New York — Rock-and-roll biographies make terrific movies. I have fond memories of pictures like ``American Hot Wax,'' about disc jockey Alan Freed, and ``The Buddy Holly Story.'' Holly and Freed both crossed the path of Ritchie Valens, a lesser light but a shining one. Like many a musician in the 1950s - rock's golden age - he earned fame with a mere handful of successful songs. Two of them, ``Donna'' and ``La Bamba,'' appeared on a single disc (a ``double-sided hit,'' as the DJs used to say) that made Valens a star with millions of teens, including me. He died while still in his teens, in a 1959 plane crash that also took Holly and a popular singer-comedian called the Big Bopper.
``La Bamba,'' a sweet and funny account of Valens's rise to fame, is charged with rock-and-roll energy. It also shows a keen respect for the singer's Latin roots, and for the abiding sense of family that stayed with him throughout his short life.
It's corny, and it has enough vulgarity to merit a PG-13 rating. But it's so fresh and sincere that it's also a pleasure. Summer films don't come much better. Or more newsy. Taking the movie's Hispanic background seriously, Columbia Pictures is breaking from tradition and releasing it simultaneously in three versions: spoken in English, dubbed into Spanish, and subtitled in Spanish. This contrasts with the usual studio practice of aiming for a Spanish-speaking audience months after a movie's first release.
The picture starts in a migrant-labor camp where our hero, still known as Richard Valenzuela, spends his days at sweaty work and his nights in pop-music dreams. Bob, his long-absent brother, roars back into his life with a noisy motorcycle and enough cash to move the family to a modest southern California community.
Ritchie eats and sleeps with his guitar. His enthusiastic mother cheers on his musical efforts. Bob offers encouragement but gives him a hard time, too, seducing his girlfriend and tempting him toward bad habits.
The road to stardom runs uphill, of course. Ritchie joins a rock group and the kids make fun of his beat-up equipment. He plays at the local saloon and nobody pays attention. Mom gets him a gig that the whole town comes to - and Bob gets drunk, spoiling everyone's time.
Things aren't smooth on the romance front, either. Ritchie falls for a schoolmate named Donna, but her father doesn't like his swarthy complexion, which looks ``Eye-talian'' to him. On top of this, Bob gets jealous of Ritchie's success, treats his family like dirt, and turns into a real drunk.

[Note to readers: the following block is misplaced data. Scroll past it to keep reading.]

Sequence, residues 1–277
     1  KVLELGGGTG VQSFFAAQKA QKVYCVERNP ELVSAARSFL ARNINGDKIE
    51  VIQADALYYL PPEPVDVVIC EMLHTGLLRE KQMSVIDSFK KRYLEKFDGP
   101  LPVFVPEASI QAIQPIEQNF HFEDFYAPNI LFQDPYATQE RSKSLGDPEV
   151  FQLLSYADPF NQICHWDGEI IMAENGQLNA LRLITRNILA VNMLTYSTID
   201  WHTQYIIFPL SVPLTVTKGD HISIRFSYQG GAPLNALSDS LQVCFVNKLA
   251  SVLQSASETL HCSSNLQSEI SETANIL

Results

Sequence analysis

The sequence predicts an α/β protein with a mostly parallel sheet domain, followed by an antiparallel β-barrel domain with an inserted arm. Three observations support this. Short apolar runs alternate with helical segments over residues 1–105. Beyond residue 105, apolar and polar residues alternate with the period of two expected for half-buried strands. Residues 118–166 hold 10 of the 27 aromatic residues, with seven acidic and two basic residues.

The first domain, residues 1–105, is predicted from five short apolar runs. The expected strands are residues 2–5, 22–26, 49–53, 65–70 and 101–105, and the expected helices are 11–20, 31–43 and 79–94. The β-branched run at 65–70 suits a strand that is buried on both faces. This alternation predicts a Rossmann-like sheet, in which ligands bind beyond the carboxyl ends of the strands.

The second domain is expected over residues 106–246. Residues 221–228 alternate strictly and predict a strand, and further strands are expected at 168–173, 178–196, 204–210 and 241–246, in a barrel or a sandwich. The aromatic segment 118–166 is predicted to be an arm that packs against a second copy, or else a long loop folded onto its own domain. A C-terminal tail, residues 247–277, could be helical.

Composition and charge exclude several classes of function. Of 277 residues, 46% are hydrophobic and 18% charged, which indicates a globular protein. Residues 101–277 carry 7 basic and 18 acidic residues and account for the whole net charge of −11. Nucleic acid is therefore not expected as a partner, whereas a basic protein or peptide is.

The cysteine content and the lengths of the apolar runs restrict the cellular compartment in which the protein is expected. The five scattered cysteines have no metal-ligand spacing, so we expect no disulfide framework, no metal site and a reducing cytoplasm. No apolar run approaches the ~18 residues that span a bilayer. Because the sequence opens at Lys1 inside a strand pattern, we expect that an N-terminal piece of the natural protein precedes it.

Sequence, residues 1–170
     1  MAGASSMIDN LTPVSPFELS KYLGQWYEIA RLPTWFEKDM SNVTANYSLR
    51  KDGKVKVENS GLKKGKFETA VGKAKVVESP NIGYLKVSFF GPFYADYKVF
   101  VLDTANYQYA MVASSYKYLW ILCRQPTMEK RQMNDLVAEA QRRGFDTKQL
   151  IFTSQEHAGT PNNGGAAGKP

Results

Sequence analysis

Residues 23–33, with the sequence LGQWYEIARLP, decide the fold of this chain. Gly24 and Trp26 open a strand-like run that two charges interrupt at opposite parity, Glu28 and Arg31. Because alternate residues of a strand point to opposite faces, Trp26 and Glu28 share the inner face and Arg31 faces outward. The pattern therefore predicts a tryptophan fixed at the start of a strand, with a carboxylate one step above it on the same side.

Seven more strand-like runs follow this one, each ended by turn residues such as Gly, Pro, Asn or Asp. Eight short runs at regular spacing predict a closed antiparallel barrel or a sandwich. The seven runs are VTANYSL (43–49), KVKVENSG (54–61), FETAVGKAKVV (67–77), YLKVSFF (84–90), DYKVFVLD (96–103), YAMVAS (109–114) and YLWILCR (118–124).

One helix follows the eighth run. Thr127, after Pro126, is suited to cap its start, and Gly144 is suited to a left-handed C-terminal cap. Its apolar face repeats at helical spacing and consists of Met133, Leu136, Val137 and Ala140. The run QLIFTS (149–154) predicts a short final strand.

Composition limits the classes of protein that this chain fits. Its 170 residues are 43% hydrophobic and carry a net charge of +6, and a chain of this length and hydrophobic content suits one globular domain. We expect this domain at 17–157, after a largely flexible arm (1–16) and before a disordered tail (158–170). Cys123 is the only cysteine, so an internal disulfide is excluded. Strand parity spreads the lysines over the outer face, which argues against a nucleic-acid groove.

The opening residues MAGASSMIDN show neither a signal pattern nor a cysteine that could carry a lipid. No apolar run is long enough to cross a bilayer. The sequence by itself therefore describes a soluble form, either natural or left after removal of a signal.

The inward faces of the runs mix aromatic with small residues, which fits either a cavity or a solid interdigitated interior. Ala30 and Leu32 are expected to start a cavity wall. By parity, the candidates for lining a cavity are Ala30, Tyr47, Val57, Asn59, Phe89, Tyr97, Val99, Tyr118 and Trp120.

You can't stop a kid with a song in his heart, though, especially in the movies. Ritchie signs with a small-time record producer, learns the basics of the business, and starts to make a name for himself - literally, with Valenzuela cut down to Valens and Ritchie now spelled with that jaunty ``t.'' Soon he's a chart-topper, and even Donna's dad stops being a problem, especially after Ritchie names his biggest hit after her. The future looks bright - and would be, if not for the rickety plane he climbs into one wintry night in the middle of a barnstorming tour.
Some scenes of ``La Bamba'' are in dubious taste, as when Bob spirits Ritchie to a Mexican brothel for a night of carousing. But such episodes are softened by Ritchie's good-hearted presence - even at the brothel, where he makes a beeline for the bandstand and dotes on the musicians, who belt out the movie's title song with infectious gusto.
``La Bamba'' has plenty of trite touches, too, especially when it comes to airplanes. The picture starts with a vision of a crashing plane, and similar images crop up continually. Ritchie even predicts that a crash will kill him and refuses to fly during the early stages of his career.
The screenplay is anything but subtle on these matters. Still, it's easy to forgive the thudding omens and ironies, since they appear in such a life-affirming context. The purpose of ``La Bamba'' is not to mourn Valens's death but to celebrate his life, with special attention to the great joy he found in music.
``La Bamba'' also pays unprecedented tribute to the vitality of Valens's ethnic heritage. Ritchie doesn't know much about his family's Mexican roots, and Spanish is Greek to him. Yet the film makes it clear that Latin folkways, mores, and traditions play a strong and positive role in his life, especially in his family relations.
This culminates near the end of the picture, when Ritchie has an explosive verbal and physical showdown with his dissolute brother - yet is ready afterward not only to forgive Bob, but to embrace and love him all the more, simply because family bonds are sacred. Yes, the episode is pure corn. It's also uplifting in ways that today's movies could learn a lot from.
``La Bamba'' was directed by Luis Valdez from his own screenplay. Lou Diamond Phillips and Esai Morales head the cast as Ritchie and Bob, getting solid support from Rosana De Soto as Mrs. Valenzuela and Elizabeth Pena as Bob's wife. Other supporting roles are capably handled. Valens's songs, and other hits of the period, are marvelously performed by Los Lobos, with superb lead-guitar work that perfectly captures the unique flavor of '50s pop. The sound track also hums with vintage hits by rockers ranging from Bo Diddley and Little Richard to Santo & Johnny and Johnny & Joe.